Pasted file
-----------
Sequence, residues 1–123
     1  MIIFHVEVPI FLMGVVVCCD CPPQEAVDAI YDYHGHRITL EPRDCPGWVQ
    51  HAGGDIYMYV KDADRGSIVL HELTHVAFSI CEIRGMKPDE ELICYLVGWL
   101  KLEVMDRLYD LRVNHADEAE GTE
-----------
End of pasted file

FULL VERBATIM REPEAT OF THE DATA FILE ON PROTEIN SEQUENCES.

Sequence, residues 1–123
     1  MIIFHVEVPI FLMGVVVCCD CPPQEAVDAI YDYHGHRITL EPRDCPGWVQ
    51  HAGGDIYMYV KDADRGSIVL HELTHVAFSI CEIRGMKPDE ELICYLVGWL
   101  KLEVMDRLYD LRVNHADEAE GTE